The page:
White Mischief concentrates on cocaine, but inevitably and necessarily ranges across the wider history of drugs and drug-taking, from historical times until the present day. It delves into the relationship between drugs, race, and racism, particularly apposite where the USA is concerned – to this day.

Mining the Sky

By John S. Lewis,

Book cover of Mining the Sky: Untold Riches From the Asteroids, Comets and Planets

This book is about the positive side of Near-Earth Objects – that is, they can benefit mankind as well as threaten it. Lewis explains how asteroids are chock full of valuable minerals – iron, nickel, platinum, iridium, and so on – that are either rare or difficult and messy to extract on Earth. Lewis persuasively argues that it’s not just possible but almost inevitable that Earthlings will eventually start extracting those space rock riches -- not so much to bring them back to Earth but to use them for manufacturing industries in space, thus sparing our planet from much of the pollution that threatens our world. It’s not just futuristic day-dreaming; already private companies are spending big money to develop space-mining technologies. The bottom line of this fascinating book is that there’s gold in them thar hills – or rather, in them thar far reaches of space. And sooner than…

Who am I?

In 2016 I was enjoying an early morning cup of coffee on my back porch in Arizona when an eerie red light lit up the dark sky, followed seconds later by a tremendous distant explosion that rattled my cup and set my dogs howling. As a soldier and journalist, I had seen all kinds of human and natural catastrophes and mayhem, but never anything like this. Later I was astonished to learn that this event, which was seen as far away as Texas, was caused by a small asteroid the size of a refrigerator that had exploded in the atmosphere with the energy equivalent of a million pounds of TNT. I wanted to find out more – and I did.

I wrote...

Fire in the Sky: Cosmic Collisions, Killer Asteroids, and the Race to Defend Earth

By Gordon L. Dillow,

Book cover of Fire in the Sky: Cosmic Collisions, Killer Asteroids, and the Race to Defend Earth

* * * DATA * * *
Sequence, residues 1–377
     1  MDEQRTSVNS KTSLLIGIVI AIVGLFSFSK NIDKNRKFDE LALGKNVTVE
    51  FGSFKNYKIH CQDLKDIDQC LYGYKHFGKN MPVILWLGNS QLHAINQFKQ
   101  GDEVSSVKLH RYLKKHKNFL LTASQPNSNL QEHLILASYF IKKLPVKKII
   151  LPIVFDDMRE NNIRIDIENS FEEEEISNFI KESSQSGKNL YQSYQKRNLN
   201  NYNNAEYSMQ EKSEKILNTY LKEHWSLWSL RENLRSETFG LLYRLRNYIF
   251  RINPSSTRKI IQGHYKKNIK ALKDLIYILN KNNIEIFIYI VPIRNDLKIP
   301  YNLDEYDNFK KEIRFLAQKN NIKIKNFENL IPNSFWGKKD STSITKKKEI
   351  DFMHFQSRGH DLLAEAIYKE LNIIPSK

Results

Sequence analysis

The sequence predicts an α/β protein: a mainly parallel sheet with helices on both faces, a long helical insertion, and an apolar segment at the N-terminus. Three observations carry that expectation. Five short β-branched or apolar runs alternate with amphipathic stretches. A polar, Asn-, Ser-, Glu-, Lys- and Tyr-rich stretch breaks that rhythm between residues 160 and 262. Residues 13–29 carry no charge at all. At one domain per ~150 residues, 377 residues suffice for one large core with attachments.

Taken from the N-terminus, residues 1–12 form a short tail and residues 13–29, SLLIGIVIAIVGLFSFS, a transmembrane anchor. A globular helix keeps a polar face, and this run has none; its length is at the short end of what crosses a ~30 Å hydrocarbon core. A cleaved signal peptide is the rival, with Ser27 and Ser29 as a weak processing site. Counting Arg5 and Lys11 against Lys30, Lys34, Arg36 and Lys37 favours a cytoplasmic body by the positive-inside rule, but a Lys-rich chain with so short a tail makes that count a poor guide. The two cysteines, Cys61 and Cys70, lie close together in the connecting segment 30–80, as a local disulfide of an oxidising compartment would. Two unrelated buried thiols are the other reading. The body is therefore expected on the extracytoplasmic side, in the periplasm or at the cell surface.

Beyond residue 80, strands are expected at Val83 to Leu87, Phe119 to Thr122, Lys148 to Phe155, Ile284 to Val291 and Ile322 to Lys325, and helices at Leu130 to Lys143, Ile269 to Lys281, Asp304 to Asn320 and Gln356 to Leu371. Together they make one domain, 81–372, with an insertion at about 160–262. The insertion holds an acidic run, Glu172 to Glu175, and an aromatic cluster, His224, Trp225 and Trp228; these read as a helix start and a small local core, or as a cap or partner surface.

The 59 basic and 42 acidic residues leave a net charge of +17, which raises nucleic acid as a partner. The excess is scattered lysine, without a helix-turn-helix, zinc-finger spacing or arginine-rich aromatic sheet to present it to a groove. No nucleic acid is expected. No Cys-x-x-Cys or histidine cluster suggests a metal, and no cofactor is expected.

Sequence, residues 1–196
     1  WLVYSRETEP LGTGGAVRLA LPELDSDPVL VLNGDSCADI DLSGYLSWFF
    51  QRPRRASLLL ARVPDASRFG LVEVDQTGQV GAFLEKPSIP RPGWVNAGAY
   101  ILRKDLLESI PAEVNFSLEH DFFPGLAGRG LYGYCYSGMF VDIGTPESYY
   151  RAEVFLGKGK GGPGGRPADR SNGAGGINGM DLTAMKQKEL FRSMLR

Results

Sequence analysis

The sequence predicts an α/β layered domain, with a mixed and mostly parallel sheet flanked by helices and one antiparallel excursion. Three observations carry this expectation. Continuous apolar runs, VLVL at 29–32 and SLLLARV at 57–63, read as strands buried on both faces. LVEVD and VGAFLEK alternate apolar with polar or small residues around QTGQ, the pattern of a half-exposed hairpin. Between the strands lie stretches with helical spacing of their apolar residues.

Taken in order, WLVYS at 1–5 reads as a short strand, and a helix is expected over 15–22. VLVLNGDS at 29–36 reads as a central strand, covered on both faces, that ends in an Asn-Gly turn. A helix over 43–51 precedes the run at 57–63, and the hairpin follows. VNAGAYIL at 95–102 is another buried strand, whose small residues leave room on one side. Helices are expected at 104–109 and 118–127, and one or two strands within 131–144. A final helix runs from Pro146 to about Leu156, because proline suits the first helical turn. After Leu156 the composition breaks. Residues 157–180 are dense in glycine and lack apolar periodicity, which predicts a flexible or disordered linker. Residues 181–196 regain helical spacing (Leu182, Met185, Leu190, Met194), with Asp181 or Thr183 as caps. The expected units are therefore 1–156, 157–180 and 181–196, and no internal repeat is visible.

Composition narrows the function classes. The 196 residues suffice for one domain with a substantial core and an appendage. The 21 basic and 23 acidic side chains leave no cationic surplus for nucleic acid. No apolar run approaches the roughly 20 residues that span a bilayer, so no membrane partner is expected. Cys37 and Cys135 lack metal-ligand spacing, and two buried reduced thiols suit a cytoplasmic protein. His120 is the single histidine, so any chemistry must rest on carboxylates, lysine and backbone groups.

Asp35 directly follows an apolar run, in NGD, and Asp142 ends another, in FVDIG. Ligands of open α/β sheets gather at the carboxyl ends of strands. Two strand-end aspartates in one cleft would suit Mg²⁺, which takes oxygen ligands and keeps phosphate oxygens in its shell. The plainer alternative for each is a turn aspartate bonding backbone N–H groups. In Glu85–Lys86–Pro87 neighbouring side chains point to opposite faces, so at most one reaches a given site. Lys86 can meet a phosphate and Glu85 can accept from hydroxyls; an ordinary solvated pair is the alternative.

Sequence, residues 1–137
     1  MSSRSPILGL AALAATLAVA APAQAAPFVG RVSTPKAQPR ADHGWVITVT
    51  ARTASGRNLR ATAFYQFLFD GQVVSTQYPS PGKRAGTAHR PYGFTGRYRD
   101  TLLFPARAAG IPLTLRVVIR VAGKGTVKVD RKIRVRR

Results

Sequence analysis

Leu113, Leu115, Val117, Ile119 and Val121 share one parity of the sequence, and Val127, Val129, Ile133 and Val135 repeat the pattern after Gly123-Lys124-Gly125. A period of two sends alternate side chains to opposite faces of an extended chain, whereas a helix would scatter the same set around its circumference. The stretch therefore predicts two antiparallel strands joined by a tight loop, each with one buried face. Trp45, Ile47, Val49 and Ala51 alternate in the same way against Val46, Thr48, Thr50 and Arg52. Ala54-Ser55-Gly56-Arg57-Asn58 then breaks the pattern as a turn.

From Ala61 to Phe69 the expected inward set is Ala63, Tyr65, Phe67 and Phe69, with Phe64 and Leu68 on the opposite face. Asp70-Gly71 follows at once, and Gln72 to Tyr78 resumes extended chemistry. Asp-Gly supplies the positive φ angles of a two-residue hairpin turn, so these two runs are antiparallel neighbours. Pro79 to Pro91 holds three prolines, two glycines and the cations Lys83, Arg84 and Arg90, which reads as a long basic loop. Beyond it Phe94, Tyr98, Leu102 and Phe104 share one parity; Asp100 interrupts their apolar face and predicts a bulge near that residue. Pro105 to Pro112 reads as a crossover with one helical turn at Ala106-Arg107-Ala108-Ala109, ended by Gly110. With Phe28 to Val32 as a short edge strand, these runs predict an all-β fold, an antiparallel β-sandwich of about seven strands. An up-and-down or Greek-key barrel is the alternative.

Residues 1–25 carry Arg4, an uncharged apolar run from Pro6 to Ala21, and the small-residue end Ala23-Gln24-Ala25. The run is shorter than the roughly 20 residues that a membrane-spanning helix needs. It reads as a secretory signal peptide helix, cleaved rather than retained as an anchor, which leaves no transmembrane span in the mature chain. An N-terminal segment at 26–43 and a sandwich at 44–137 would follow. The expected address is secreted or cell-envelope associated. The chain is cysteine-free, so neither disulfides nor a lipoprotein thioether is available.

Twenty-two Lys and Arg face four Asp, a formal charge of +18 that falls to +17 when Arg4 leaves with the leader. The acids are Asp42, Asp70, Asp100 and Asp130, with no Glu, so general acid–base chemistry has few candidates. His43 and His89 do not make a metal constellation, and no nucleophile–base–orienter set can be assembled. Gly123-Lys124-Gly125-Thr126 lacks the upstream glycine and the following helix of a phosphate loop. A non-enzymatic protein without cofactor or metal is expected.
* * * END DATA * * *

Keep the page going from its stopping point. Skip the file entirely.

What is my book about?

From its earliest formation our planet has been routinely bombarded by space rocks large and small. In fact, collisions between small asteroids and Earth are a daily occurrence. Fortunately, most of the small ones burn up in the atmosphere, and the big ones don’t come around very often. But the question isn’t if another large asteroid or comet will strike the Earth with catastrophic consequences -- the only question is when. It could be a thousand years from now, or it could be next Tuesday. Fire in the Sky takes an accessible and sometimes light-hearted look at the history of these space invaders -- including the six-mile wide asteroid that wiped out the dinosaurs 66 million years ago -- as well as the ongoing efforts to identify, and if possible deflect, large asteroids that may threaten our planet in the future.

American Dementia

By Daniel R. George, Peter J. Whitehouse,

Book cover of American Dementia: Brain Health in an Unhealthy Society

This book explains the tight connection between Alzheimer’s disease and education, health, income, and environment, and why the rate of Alzheimer’s disease in the population actually decreased in the decades following the most important societal changes enacted after World War II. Social safety, environmental protections, and income inequality have had far greater impact than any of the pharmacological approaches ever attempted. The authors make the compelling case that brain health is intimately connected to societal health.

Who am I?

I am a professor of neurology at the University of Cincinnati, interested in the many ways in which we acquire impairments in movements, in cognition, or in both. I have sought to measure these behaviors, quantify their responses to different pharmacological treatments, and determine how they inform the biology of the aging brain. In publications along the way, I have increasingly questioned how we classify neurological diseases and treat those affected.